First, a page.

Addressing the thinned-out ranks of House Democrats after an election that reduced their numbers to a nearly 70-year low, Obama said he accepted some of the blame for November losses. But he also suggested that some candidates' efforts to distance themselves from their, and his, record played a role.
"We need to stand up and not be defensive about what we believe in!" Obama said.
The upcoming budget fight in Congress could be an opportunity to do that. He argued that after years of the GOP blocking some of his plans and warning that others would result in economic collapse, the results tell another story. But despite positive economic trends, he said, "we've got some more work to do."
"The economy's gotten better, wages are starting to tick up, people are starting to feel better about the economy. But what I think everyone here understands is the ground that middle-class families lost over the last 30 years has to be made up," he said. "And so as much as we should appreciate the progress that's been made, it shouldn't be a cause for complacency."
The president said he welcomed Republicans to offer alternatives to the "middle-class economics" agenda he has outlined over the last month around his State of the Union address. But he mocked some in the GOP who had begun to shift their rhetoric – mentioning an unnamed presidential candidate who "suddenly is just deeply concerned about poverty."
"That's great! Let's go!" Obama teased. "I'm glad that at least the rhetoric has shifted. Let's now make sure that the policies line up with the rhetoric."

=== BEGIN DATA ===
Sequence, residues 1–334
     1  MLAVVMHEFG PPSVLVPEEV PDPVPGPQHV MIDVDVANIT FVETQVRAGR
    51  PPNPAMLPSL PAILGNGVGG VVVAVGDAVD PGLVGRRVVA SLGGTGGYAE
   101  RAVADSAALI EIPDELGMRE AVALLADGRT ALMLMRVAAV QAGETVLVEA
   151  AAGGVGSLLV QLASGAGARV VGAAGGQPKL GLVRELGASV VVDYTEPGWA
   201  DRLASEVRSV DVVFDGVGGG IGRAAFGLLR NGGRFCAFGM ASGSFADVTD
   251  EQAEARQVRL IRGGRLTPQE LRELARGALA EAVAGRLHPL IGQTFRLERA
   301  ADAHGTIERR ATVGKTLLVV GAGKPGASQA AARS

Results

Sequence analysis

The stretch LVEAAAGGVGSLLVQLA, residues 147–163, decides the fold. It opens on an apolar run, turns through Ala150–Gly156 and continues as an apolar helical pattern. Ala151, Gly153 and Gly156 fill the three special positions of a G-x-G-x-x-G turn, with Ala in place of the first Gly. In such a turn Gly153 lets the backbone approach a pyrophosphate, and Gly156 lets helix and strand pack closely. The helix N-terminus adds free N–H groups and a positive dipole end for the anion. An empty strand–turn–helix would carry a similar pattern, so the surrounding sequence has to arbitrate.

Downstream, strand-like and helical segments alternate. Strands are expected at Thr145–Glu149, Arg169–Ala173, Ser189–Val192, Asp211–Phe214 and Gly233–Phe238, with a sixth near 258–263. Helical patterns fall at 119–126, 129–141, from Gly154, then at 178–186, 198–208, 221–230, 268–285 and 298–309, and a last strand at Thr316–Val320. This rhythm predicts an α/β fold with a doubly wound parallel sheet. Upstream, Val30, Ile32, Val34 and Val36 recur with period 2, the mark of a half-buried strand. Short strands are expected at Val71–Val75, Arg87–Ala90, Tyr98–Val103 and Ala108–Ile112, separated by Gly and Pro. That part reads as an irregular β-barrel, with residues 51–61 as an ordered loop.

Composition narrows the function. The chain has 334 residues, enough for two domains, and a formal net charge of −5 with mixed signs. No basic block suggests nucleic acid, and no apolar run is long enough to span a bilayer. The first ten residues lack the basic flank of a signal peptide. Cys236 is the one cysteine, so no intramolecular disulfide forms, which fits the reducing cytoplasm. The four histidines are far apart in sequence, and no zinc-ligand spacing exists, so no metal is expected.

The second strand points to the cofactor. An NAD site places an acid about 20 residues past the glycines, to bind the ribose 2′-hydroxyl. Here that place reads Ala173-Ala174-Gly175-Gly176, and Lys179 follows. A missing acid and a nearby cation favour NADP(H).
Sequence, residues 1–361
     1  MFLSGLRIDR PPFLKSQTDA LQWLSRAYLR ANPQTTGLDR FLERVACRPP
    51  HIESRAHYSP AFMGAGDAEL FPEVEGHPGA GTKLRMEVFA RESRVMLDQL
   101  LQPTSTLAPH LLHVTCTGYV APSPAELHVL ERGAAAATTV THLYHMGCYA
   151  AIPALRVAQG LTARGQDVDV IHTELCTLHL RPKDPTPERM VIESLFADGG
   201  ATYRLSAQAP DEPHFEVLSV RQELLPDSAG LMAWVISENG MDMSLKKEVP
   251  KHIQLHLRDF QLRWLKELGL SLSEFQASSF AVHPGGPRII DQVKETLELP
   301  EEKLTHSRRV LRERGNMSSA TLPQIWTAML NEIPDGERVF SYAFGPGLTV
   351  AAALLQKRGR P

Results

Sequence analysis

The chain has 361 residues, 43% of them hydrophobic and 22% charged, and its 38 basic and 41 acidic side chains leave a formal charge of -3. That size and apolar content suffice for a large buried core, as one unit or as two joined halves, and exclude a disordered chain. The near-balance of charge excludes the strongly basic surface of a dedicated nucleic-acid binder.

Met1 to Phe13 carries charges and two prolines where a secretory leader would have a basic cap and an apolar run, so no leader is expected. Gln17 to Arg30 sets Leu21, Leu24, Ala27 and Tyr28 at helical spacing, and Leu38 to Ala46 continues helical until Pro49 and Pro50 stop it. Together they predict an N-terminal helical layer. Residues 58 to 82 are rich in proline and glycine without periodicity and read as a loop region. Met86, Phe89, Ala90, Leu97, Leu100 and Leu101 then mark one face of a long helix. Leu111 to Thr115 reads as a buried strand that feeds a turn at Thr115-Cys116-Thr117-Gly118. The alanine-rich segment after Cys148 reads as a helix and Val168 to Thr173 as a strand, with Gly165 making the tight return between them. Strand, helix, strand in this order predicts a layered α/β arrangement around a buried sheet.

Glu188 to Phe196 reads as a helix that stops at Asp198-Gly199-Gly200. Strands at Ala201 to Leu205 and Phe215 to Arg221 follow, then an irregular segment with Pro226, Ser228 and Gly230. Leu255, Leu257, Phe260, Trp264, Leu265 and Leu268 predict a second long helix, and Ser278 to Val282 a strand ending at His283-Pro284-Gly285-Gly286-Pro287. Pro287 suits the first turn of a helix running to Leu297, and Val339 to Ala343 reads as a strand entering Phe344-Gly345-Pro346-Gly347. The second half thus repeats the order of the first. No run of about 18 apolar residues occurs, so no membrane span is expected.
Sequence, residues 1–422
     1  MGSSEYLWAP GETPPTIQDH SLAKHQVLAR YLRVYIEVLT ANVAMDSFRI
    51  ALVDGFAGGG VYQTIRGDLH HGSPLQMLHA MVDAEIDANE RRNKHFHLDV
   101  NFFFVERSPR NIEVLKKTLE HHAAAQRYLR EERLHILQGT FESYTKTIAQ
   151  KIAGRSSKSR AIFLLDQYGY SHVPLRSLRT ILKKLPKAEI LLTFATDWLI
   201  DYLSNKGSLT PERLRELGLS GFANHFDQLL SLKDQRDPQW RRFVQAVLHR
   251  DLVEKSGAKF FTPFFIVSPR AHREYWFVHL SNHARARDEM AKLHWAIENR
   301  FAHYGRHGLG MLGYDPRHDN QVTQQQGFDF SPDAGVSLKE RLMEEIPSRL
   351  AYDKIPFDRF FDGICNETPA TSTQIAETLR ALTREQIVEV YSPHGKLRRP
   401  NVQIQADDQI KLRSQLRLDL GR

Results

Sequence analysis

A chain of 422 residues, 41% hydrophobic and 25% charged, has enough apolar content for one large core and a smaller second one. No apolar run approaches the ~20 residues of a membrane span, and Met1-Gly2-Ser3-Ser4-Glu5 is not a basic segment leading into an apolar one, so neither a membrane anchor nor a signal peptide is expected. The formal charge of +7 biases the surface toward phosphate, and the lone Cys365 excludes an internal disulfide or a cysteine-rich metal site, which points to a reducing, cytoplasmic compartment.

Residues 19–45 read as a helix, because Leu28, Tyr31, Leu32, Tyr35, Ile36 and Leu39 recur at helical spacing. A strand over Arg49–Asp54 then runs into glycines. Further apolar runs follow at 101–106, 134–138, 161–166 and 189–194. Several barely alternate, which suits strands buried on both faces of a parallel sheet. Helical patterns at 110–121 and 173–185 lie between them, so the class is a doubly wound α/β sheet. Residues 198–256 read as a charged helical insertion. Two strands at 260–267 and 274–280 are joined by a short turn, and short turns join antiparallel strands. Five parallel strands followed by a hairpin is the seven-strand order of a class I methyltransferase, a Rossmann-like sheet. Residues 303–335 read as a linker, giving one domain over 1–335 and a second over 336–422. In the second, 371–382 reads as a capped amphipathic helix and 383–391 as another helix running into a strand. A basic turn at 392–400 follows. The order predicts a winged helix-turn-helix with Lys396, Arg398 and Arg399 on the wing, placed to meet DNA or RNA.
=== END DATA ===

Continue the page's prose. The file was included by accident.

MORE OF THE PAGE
At the three-day retreat between the president and House Democrats, party leaders hope to unite the rank-and-file behind a new strategy to regain their footing – a process they say Obama has helped initiate with an aggressive start to 2015.
In his new budget to be released Monday, Obama will propose spending about $74 billion more next year than is allowed under federal spending caps, a revival of his push to end across-the-board spending cuts known as sequestration imposed under a bipartisan compromise.
Democrats say there is strong support for his plan, which they see as helping frame the debate with Republicans.
"Anybody who's paying attention to our economy knows we have seen significant progress," said Rep. Chris Van Hollen (D-Md.), the top Democrat on the House Budget Committee. "At the same time the president has recognized that we have a chronic problem of wage stagnation. … The question's going to be who has solid answers to those challenges. The president laid a lot of that out."
"The president, in his State of the Union – he set the table. And now we've got to dish out the meal, legislatively, every day at a time," Rep. Steve Israel (D-N.Y.) told reporters.
As chairman of the House Democrats' new policy and communications committee, formed after the election to sharpen the party's message, Israel outlined an approach focused on presenting Democrats as a champion of the middle class – a mantle Republicans also are trying to claim.
Democrats face a number of thorny internal debates, not just on policy but on internal politics, including the role of seniority in determining committee leadership posts.
Trade and tax reform could split the party's progressive and moderate wings.
A majority of Democrats are likely to oppose the president's request for fast-track authority to approve trade agreements over concern that the terms of new deals could cost American jobs. AFL-CIO President Richard Trumka addressed the caucus Wednesday night, urging them to withhold support until they see details of prospective deals. Obama made no mention of trade in his remarks Thursday.
Kathleen Hennessey and Lisa Mascaro in the Washington bureau contributed to this report.
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